Alms Watch 2007

So, maybe I should just rename by blog to “Greg Clark: Please be my adviser.” I mean seriously, what am I doing here, he already gave me a pass on my prelim exam.

It’s too bad everyone (and Clark, I think) is assuming Clark’s finding show genetic changes. Culture seems to me to be much more likely. Why haven’t we heard from the Anthropologists? Grant McCracken? Anybody, anybody? Shouldn’t they be telling us all their theories for how culture gets transmitted?

9 thoughts on “Alms Watch 2007”

  1. Seriously, I’m sure he appreciates not having to search the net to find out the latest buzz.

    But I’m not sure if you’d want him as your advisor considering your negative view of empirical research. Actually, come to think of it, his work seems to be exactly the type of research you love to criticize.

  2. Heh. Actually, that was somewhat of a joke. History is hard work; I’m not sure I’m up to it.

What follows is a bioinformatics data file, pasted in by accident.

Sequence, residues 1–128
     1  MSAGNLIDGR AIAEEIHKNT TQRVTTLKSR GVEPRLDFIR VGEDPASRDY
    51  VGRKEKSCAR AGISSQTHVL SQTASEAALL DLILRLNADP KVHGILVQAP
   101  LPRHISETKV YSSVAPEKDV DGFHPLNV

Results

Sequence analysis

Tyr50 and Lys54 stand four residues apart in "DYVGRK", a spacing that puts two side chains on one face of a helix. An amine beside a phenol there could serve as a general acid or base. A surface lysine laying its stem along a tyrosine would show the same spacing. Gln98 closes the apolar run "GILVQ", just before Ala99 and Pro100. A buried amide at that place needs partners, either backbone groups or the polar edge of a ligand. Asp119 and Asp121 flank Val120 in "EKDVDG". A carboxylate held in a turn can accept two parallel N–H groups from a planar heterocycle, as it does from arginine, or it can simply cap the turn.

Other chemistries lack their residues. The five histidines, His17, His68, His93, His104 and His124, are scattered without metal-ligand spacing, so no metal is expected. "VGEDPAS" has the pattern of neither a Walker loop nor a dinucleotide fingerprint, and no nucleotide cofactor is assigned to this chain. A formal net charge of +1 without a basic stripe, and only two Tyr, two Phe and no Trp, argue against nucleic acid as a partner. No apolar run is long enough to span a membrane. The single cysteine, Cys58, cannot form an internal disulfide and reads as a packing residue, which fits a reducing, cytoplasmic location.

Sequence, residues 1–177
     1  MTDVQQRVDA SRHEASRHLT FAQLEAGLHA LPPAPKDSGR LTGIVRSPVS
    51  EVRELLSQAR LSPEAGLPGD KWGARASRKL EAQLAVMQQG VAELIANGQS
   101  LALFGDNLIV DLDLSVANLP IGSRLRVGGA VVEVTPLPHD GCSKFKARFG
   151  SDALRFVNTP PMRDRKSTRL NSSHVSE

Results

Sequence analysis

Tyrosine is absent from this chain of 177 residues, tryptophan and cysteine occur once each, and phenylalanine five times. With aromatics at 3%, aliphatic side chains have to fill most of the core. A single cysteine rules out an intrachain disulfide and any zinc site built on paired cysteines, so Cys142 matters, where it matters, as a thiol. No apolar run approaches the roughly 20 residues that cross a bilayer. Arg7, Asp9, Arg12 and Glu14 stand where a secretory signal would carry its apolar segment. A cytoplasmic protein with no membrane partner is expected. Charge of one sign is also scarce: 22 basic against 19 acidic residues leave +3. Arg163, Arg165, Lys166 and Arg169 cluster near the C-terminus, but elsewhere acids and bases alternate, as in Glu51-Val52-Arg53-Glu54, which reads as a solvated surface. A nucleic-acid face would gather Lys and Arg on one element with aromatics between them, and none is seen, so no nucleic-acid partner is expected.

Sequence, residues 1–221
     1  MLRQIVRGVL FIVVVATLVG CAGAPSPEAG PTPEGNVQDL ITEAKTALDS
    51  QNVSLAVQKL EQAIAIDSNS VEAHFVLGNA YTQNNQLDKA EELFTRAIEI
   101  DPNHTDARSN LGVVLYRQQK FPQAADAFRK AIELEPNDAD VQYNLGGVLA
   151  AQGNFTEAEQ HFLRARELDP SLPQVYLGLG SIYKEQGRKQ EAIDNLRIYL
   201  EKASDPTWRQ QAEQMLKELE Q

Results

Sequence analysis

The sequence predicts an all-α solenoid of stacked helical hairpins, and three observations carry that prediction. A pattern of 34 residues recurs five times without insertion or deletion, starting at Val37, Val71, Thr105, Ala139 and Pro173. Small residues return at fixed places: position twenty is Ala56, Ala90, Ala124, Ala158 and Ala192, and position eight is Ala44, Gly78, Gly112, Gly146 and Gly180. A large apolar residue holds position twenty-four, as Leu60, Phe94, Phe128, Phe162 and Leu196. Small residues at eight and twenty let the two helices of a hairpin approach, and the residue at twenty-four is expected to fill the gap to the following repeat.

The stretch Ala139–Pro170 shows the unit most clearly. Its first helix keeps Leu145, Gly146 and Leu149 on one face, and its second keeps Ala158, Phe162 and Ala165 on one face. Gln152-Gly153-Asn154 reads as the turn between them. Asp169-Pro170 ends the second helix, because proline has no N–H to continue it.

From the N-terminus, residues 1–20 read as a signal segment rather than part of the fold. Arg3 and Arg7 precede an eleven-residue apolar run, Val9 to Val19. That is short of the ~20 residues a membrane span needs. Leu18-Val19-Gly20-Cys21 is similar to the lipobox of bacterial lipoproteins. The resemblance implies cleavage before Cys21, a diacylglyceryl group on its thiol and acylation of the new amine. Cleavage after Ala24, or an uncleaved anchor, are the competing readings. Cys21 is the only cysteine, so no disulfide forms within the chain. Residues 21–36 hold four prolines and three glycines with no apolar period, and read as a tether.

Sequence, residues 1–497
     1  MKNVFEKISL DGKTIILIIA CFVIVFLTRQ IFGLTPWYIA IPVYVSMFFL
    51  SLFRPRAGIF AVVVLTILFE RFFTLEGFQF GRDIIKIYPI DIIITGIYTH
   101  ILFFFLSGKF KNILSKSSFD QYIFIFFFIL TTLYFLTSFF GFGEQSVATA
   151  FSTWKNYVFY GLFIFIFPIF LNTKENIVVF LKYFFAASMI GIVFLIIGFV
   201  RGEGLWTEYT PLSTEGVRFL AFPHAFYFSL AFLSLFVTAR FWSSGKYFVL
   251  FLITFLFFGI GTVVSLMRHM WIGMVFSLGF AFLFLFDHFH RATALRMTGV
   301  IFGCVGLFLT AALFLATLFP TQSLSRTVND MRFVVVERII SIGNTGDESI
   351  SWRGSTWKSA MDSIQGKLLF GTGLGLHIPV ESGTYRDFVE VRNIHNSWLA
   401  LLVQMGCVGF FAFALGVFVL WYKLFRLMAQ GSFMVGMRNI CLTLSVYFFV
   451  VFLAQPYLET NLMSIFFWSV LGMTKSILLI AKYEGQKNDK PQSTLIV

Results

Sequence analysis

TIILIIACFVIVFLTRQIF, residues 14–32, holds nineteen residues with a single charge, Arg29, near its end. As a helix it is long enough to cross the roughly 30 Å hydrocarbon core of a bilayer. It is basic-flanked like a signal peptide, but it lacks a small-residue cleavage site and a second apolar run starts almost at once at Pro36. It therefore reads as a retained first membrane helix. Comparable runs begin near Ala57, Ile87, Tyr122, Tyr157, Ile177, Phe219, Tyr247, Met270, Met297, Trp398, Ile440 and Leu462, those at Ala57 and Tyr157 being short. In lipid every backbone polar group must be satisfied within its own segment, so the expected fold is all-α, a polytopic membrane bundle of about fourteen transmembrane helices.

What is this negative view of which you speak? I think there should be a closer relationship between theorists and empiricists… that’s all.

  3. I am sure it doesn’t mean that much, but some of the links are useful for teaching 110A…(especially the last diagram)

  4. I agree that the cultural aspect is more interesting. The misplaced attention is probably due to the fact that most folks haven’t read the actual book so they’re just responding to what they heard or to a review they read. And I got my suspicions about the diligence with which book reviewers actually read the books they’re assigned.

  5. Stephen King makes a similar comment in this week’s Entertainment Weekly about the reviewers of Harry Potter: “In their hurry to churn out column inches, and thus remain members of good standing in the Church of What’s Happening Now, very few of the Potter reviewers have said anything worth remembering… They take a perfunctory wave at things like plot and language, but do little more…and really, how can they? When you have only four days to read a 750-page book, then write an 1,100-word review on it, how much time do you have to really enjoy the book? To think about the book?”

    In the case of Farewell to Alms its the last question that probably is most operative for reviewers on a deadline.

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